The Nature of Patch Making

I have always ‘felt’ September as the start of something new. Leaves changing colours has been a signal, not of stop, but of shaking off of distractions and a refocusing to the task at hand. I find the reds, oranges and golds of the Virginia Creeper, Maples, and Oaks energising. I marvel at how productive I often find myself in a period where blustery gusts (and busy back to school and work schedules) seem to blow connected thoughts from my head. 

As the deadline for patches for our Quarantine Quilt (15 September!) approaches, the metaphor feels worth sharing: especially because nature is proving a powerful and prevalent theme in the patches we have received so far. We are loving the wonderful work we are receiving by post every day now. 

Lockdown let me spend time doing gardening and growing fruit and veg but it also gave me an opportunity to ‘grow’ within the community, making treats for vulnerable and NHS/carers and sewing scrubs for local GPs.

At the start of lockdown when there was no traffic, trains, people outside, I went to a small garden area near my home. I listened and the only sound I heard was the wind blowing lightly past my ears.  Usually traffic would mask that.  It was beautiful peace.

Since the beginning of August, when the received pile reached a certain teetering height, once a week Naomi opens  the accumulated packages, photographing and logging the makers details and feedback in an impressive spreadsheet, and writes acknowledgements to the contributors. As of today, she has processed those received through early/mid-August. If you haven’t yet had an acknowledgement, please don’t panic – we’ll be in touch soon. The patches are rich with stories, emotions and ideas, and the work of recording them feels an important part of honouring your participation. We really appreciate your very personal testimony to the power of stitching and textile craft, like these:

‘Stitching has kept me sane during a lonesome lockdown. Learning new skills has kept me motivated.’

‘2 years ago my boyfriend left me after being together for almost 12 years.  My creativity died completely. Then Coronavirus hit.  I started making face masks.  At this point I have made over 275 face masks.  Making masks reminded me how much I love to sew and create.  Since then I have made two new quilt tops!’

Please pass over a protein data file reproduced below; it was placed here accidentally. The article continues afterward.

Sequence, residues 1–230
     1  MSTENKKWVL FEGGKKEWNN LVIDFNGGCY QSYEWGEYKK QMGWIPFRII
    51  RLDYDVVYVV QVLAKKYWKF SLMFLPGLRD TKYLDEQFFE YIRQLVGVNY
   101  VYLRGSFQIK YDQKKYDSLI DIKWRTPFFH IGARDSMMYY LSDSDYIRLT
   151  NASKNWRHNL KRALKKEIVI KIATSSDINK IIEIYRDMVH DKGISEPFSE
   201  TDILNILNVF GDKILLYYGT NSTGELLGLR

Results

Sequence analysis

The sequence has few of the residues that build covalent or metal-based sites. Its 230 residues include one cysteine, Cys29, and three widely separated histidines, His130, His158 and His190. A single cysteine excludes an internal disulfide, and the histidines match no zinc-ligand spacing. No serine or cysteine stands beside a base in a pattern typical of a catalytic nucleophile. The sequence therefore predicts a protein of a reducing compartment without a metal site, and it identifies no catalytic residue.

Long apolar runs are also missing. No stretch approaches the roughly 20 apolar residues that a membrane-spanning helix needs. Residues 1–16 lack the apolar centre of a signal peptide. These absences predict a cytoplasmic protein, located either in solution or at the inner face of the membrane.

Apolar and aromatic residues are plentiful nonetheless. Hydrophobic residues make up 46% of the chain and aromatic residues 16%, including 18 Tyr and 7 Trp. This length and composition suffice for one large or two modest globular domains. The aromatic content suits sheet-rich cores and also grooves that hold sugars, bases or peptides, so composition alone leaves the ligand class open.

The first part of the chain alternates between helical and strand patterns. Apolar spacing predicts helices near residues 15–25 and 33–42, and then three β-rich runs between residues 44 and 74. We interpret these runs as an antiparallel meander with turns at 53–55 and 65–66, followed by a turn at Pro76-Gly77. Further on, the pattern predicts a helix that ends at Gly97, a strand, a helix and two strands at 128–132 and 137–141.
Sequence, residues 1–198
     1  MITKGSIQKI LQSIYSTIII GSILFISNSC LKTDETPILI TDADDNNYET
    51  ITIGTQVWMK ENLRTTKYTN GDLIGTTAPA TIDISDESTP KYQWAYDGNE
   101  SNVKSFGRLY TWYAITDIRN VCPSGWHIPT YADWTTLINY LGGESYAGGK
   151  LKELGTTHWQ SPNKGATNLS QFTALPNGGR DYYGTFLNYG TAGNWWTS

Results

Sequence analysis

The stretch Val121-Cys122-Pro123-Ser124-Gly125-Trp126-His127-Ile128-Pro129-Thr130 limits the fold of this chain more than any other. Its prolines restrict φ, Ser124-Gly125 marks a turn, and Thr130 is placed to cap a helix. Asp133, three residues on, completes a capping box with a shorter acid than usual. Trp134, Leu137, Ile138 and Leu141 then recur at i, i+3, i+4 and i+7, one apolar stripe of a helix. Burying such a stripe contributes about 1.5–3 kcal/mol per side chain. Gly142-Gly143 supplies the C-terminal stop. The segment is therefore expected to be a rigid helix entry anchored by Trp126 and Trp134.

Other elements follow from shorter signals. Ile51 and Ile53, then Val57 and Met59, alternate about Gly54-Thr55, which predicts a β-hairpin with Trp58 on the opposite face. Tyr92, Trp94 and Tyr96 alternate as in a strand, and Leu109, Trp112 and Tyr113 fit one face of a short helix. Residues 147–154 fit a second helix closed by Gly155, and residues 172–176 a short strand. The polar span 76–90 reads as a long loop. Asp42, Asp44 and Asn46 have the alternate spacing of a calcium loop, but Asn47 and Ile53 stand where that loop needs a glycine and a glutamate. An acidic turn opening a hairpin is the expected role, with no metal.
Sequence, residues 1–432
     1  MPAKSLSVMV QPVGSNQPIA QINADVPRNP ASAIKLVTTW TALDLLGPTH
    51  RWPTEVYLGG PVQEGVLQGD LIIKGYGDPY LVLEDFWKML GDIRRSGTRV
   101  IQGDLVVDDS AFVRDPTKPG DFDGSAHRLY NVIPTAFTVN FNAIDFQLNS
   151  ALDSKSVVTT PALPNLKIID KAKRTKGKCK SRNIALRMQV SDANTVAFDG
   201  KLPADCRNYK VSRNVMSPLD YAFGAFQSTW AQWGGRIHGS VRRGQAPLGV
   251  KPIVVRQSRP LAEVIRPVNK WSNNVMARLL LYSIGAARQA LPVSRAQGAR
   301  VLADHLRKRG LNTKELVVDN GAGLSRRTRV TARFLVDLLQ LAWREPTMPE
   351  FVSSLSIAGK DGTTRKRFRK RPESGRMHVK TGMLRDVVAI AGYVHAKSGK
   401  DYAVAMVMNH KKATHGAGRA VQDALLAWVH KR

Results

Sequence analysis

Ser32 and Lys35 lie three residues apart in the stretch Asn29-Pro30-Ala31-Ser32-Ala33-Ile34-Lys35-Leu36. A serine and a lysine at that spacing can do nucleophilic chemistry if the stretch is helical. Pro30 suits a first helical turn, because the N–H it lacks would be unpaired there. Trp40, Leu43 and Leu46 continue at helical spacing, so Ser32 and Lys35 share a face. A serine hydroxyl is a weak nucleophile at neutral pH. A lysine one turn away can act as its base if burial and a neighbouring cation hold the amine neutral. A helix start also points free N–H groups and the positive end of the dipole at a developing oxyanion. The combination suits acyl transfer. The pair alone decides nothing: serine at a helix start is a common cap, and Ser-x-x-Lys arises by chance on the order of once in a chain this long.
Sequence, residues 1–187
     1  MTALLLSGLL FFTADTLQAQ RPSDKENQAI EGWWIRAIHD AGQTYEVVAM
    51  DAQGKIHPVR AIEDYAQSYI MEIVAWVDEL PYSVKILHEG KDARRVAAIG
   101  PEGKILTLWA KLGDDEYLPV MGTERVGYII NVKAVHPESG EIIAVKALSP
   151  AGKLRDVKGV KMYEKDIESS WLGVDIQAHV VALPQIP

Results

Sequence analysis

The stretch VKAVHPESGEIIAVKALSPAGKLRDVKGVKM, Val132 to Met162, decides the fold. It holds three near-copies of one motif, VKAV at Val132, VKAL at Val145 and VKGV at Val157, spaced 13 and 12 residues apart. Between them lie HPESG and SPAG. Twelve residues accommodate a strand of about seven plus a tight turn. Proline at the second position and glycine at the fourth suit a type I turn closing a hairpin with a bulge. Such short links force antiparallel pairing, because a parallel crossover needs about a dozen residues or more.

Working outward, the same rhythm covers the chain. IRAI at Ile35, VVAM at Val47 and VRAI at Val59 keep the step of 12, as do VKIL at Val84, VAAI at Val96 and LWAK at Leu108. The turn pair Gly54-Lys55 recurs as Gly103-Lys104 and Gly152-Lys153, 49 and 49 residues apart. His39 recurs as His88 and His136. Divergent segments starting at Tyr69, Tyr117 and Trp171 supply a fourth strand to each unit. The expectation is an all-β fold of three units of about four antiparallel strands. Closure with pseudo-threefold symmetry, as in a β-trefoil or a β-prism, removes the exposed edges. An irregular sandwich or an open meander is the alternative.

These are just some of the types of stories I alluded to when I was invited onto BBC Radio Devon’s  David Fitzgerald’s lunchtime show  in August, or in this video released in August. 

We hear that some people aren’t sure how to start with a patch: we want people to know you don’t need to say everything in the patch.  Our submission form is a place for you to tell us more about what inspired your patch or what you intended to communicate. Allow it to remove any fear or pressure. Allow yourself to create.

We passionately believe in the power of making for wellbeing, and hope this project helps you reflect on what this time means for you. There is still plenty of time to start, complete and submit a patch. 

(In fact, we have had a number of people submit all three sizes and ask if they can submit more (the answer is yes), reporting that once they got going they found it really enjoyable, and surprisingly quick to do. 

I have found the process of creating these patches so restful.  From the initial idea, right through to fruition.  Ive enjoyed every minute.  I’ve been so absorbed, I’ve not been aware of time.  I joined three DLRC courses and these have enabled me to try and experiment with new techniques.  The sense of community has been brilliant along with the inspiration from the tutors and the other participants.  A real life saver in these strange times.

To help people get started with a patch, we have been relatively quietly releasing videos on our project playlist on YouTube and on Facebook, and in August we also released this extensive guide to embroidery

We also have been posting project sewing kits to isolated or vulnerable people to help them take part. We have a few more of these gift packs available. If you know someone who would benefit from a personal invitation to take part, and a kit of materials to enable it, email their details to projectteam@thequarantinequiltproject.org and we’ll get one to them.

We look forward to receiving further patches in the final few weeks of this stage of the project. 

Here are the instructions/guidelines, including the submission form. We need to receive patches by 15 September.

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